A common first approach with her clients is a gentle, heart-opening restorative pose. “It’s really good is to have them lie on the floor with a bolster lengthwise under their backs and their arms at their sides to open their hearts. That generally makes them feel really good,” she shares.

Getting out of the comfort zone in an easy way is another strategy. Celeste recounts a recent experience of taking a therapeutic group to a labyrinth for a walking meditation.  “It was very interesting because I expected that at least a few of them would refuse to participate. The one person I thought would definitely check out of the whole thing actually participated and was very thoughtful afterwards in sharing what the experience was like.”

Changing the setting is a way to help shift perspective. Celeste advises clients to take their yoga practice outside, into a park or onto the beach. “Getting into nature can allow them to get in touch with themselves in a different way. They can smell, feel and hear things differently and it can be very pleasant. Some people would argue with the surface, but I just teach them to dig their feet into the sand and get grounded,” she says smiling.

Creatively combining modalities has led her to devise a unique recovery version of the sun salutation that she calls The Serenity Salute. “It’s a combination of a sun salute and the serenity prayer, in which the movement and the words mean the same thing. What we’re trying to do is to bring the head to the heart,” she explains.

She’s also adapted the five Tibetan rites for recovery by adding specific verbal affirmations to be repeated between the rites, rather than holding silence. This one is for people who are advancing in their practice and want more.  Celeste says that people who are ready to move into sober living often want a more physical practice. That’s when a more physical asana sequence comes into play. She’ll give them a sequence they can practice on their own.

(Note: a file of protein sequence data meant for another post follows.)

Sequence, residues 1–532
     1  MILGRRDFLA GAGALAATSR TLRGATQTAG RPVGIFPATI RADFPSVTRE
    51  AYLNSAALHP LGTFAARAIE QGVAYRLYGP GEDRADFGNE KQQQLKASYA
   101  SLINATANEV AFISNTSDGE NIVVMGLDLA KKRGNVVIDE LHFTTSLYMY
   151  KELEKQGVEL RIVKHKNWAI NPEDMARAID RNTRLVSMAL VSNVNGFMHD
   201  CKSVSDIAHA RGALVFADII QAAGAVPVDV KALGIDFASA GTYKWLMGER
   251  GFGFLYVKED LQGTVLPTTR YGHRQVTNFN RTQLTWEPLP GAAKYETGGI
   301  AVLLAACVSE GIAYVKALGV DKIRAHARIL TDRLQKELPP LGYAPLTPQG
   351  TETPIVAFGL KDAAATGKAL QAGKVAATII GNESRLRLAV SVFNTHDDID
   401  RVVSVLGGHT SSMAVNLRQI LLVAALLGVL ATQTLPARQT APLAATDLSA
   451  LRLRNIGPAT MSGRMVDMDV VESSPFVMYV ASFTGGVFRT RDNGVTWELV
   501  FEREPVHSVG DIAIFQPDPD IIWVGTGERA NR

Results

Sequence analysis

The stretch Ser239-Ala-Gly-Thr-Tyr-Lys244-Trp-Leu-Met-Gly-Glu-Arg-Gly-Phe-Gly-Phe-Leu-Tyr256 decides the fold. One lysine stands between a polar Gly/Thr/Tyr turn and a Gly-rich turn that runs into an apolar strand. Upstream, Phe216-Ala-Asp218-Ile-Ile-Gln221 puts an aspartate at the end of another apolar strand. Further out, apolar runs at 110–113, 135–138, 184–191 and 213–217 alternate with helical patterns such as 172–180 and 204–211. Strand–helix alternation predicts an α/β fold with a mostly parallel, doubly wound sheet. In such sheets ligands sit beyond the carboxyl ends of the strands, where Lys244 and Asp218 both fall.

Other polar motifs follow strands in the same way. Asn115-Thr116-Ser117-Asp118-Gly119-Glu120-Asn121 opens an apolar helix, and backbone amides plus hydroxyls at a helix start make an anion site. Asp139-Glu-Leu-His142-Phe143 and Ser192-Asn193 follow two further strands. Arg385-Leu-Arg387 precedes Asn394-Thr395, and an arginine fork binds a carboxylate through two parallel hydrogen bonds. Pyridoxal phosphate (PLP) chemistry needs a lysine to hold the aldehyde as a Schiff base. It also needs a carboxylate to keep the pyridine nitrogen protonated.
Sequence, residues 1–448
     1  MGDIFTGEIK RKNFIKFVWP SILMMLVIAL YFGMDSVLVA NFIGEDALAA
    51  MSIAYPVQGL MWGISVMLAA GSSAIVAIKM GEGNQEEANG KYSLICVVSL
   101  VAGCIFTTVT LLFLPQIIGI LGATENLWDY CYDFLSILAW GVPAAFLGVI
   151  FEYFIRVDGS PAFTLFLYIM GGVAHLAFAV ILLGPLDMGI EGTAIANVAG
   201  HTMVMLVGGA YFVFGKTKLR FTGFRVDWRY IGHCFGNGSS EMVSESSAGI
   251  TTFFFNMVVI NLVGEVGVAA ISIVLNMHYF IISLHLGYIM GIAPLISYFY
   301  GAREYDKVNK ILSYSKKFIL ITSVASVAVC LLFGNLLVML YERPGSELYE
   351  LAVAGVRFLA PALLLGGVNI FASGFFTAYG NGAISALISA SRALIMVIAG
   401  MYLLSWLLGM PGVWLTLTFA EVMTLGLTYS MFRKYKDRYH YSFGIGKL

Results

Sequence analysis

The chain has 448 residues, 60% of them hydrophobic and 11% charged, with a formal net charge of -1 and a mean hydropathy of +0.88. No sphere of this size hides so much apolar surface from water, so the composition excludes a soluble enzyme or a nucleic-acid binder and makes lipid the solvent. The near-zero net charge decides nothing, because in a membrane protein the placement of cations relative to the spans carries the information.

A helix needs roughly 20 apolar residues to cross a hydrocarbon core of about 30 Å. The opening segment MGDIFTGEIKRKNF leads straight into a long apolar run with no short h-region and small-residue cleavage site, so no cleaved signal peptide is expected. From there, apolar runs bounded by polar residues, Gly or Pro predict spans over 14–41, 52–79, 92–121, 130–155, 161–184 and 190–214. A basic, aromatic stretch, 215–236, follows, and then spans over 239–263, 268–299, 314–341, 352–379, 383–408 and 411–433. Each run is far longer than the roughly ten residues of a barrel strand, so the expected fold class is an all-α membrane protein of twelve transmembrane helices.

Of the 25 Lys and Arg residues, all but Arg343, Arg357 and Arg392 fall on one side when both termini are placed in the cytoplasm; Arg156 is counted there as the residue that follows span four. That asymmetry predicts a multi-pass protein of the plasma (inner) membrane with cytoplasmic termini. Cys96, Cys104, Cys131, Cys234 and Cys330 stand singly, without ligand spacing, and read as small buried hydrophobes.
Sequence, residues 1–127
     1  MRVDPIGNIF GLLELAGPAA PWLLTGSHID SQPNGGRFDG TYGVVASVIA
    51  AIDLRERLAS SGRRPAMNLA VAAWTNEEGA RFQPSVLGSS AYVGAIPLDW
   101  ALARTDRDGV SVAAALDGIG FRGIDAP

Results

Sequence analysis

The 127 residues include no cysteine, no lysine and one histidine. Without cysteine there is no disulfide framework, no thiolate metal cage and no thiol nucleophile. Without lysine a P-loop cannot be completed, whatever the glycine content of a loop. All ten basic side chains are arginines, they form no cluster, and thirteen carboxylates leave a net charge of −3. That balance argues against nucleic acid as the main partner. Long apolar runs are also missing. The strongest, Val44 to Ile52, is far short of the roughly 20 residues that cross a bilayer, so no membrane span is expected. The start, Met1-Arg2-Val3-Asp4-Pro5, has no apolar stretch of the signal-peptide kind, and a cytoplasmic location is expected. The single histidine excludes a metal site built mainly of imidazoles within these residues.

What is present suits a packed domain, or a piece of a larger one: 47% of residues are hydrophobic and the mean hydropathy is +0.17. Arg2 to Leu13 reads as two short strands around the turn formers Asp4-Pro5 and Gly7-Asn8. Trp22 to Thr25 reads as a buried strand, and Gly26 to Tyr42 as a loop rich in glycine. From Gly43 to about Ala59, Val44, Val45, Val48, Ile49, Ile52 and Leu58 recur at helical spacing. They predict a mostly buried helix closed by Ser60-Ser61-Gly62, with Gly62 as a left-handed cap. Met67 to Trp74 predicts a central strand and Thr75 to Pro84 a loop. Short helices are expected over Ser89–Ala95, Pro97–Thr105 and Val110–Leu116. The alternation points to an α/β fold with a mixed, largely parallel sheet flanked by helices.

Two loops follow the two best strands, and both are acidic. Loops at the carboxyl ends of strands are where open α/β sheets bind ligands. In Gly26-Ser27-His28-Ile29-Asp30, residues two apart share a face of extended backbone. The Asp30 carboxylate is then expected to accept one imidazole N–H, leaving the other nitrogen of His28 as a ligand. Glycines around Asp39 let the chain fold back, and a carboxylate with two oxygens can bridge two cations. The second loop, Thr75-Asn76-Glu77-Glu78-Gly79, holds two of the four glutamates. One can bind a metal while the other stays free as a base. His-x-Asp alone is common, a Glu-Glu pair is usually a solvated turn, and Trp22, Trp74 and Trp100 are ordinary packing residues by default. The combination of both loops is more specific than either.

“If you can get someone early in their detox to really appreciate what they can get from their yoga practice you’ll have them hooked,” she says. “And that’s important because yoga is a tool in the toolbox that they can pick up and it can help them recover and stay sober for the rest of their lives.

 

Curious to learn more about how yoga can help people in recovery from addictive tendencies?

Check out Celeste’s course: Carrying the Message to the Mat: Using Yoga in the Recovery from Substance Abuse

 

Lynn CrimandoLynn Crimando, MA serves as the teaching mentor for YogaUOnline's Wellness Educator Program. She is a yoga teacher,  C-IAYT Yoga Therapist, board-certified Health and Wellness Coach, and a Buteyko Practitioner. She has a private practice in New York City and teaches classes throughout the city on behalf of Health Advocates for Older People. In addition, Lynn is on the faculty of the IAYT-approved Yoga Polarity Therapist Training in Malverne, New York. To learn more about Lynn, visit her website: yogalynn.com.